When I was nineteen, I felt like I had the entire world atmy disposal. I had just finished a successful freshman year at UNC Charlotte,made tons of friends, had a life plan, a great family, and a boyfriend I imaginedhaving in my life forever. His name was Matt, “Mattbear” to his mom and me. Hisfavorite foods were pizza, Bojangles Bo*rounds, hamburgers with mustard only,and Mountain Dew. He went to UNC Wilmington and is the smartest person I’veever known. He amazed me daily with how incredibly smart he was and he could doanything with computers. He was weeksaway from joining the military, an incredibly gifted swimmer (his breast strokewas phenomenal), and great with kids. He was funny, smart, annoying, mischievous,genius, handsome, charming, lovable, talented, and dangerous in a way and I wasdrawn to him for all those reasons and more. When I stayed overnight at his house, he brought me midnight snacks ofKajun Krab dip on crispy bread rounds, and watermelon when it was in season. He loved my dog Minnie (RIP), both of our families, the movie HappyFeet and pretty much every sci fi show/movie/book he ever encountered. We celebrated two anniversaries. No matterwhat he did to upset me, he could always make me smile but pushing the squishytip on my nose- my “happy button,” as he called it. He always held my hand inthe car and let me take an annoying amount of pictures of him and us (which Iam even more grateful for in retrospect). I’m not saying he’s an angel, becausehe wasn’t- none of us are. He had his faults, just like everyone else but Iloved him deeply, and he loved me, possibly even more than I did him. Even whenwe got to be at each others' throats, I couldn’t imagine my life without him.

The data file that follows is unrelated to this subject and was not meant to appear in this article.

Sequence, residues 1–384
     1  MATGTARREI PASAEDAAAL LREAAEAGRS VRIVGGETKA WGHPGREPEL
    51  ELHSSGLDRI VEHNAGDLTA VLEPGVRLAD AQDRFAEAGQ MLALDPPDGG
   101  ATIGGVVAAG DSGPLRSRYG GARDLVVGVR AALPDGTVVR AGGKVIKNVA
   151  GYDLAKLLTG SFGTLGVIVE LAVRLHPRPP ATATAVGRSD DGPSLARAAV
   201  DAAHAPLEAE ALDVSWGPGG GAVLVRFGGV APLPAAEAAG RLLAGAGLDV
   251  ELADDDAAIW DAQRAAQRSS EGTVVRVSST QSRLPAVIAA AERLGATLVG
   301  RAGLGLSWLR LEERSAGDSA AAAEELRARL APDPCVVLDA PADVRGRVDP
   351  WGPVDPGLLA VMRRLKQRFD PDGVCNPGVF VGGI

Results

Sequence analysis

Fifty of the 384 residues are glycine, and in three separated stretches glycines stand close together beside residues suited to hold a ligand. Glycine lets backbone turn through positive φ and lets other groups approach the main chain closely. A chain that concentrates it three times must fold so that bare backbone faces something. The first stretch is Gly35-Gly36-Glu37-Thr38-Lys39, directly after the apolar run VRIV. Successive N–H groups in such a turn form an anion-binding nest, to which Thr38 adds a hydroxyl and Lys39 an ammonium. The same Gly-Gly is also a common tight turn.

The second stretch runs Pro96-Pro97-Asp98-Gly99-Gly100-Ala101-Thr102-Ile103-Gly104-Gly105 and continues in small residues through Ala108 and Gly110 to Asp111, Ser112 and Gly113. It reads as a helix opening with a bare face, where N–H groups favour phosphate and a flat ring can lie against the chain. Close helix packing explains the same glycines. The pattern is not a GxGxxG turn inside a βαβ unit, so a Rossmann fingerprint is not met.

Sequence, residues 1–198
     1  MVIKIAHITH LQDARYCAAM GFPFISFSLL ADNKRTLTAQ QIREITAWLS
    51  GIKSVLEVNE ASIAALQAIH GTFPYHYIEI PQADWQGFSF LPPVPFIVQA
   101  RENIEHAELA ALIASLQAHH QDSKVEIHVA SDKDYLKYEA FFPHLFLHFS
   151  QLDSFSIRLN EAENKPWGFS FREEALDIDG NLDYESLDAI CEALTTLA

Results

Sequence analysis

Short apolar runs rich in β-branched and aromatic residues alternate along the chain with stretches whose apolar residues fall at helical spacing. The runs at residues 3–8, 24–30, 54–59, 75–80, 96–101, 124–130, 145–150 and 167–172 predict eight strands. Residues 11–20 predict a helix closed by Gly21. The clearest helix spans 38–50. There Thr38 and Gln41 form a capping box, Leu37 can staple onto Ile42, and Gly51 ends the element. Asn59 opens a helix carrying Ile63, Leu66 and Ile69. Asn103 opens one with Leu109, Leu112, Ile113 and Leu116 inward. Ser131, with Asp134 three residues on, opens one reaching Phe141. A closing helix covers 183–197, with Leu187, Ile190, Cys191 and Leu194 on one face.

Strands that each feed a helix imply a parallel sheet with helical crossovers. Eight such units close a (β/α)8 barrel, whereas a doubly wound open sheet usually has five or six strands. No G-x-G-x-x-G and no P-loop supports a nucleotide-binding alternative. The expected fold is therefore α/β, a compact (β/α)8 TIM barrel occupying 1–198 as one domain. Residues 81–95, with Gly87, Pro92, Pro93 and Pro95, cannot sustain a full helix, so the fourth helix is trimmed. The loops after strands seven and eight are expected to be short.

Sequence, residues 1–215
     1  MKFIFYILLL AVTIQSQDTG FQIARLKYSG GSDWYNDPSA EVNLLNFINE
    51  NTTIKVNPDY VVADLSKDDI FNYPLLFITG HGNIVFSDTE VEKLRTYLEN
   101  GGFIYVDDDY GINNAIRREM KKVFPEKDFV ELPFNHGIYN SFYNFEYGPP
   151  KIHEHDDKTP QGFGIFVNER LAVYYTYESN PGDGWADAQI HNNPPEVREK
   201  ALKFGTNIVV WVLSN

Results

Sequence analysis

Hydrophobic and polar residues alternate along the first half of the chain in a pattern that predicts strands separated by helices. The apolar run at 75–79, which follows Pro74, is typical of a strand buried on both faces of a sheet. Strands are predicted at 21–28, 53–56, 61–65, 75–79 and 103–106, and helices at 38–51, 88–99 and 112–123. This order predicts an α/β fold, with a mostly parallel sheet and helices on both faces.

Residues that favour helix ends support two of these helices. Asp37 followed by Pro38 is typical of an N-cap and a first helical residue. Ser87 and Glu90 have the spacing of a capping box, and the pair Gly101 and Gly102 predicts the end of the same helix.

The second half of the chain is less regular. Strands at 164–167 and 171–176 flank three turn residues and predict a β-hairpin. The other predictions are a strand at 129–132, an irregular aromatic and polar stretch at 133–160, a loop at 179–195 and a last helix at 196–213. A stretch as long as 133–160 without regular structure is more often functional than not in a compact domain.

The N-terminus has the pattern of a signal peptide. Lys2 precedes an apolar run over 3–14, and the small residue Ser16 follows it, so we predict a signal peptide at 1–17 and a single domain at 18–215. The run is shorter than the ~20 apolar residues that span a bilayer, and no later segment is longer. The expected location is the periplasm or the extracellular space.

Matt died August 8, 2008 (overshadowing opening day ofSummer Olympics, he was never one to let anything get more attention than him).
His birthday was today. He would have been 23. Twenty three.
He’s been gone for 1188 days now and not one of them hasgone by that I haven’t thought of him. All those cliché things you hear like “itseems so long ago and like yesterday at the same time,” and “I miss him so muchit hurts,” suddenly become real feelings. I think about him every day butsometimes weeks can go by without me getting sad. I can think of the time wewere driving back from the lake with our friends Carrie and Blair and they toldus that us holding hands in the front seat reminds them of our parents and wewent into a full skit where Carrie and Blair were our children for theremainder of the drive home. Sometimes I get sad, but it’s fleeting- itsubsides to another happy memory of him, or I drift out of the day dream thatgot me there just as quickly as I drifted into it. But sometimes, and it’sthese times that make me question my strength, the sadness floods over me,sweeps me away into total sorrow and it can be overwhelming, crippling. It can bebreath taking, cloud my mind, make my stomach turn, attack my nerves and senses.I can become careless, anxious, reckless, irritable, reclusive, self-pitying.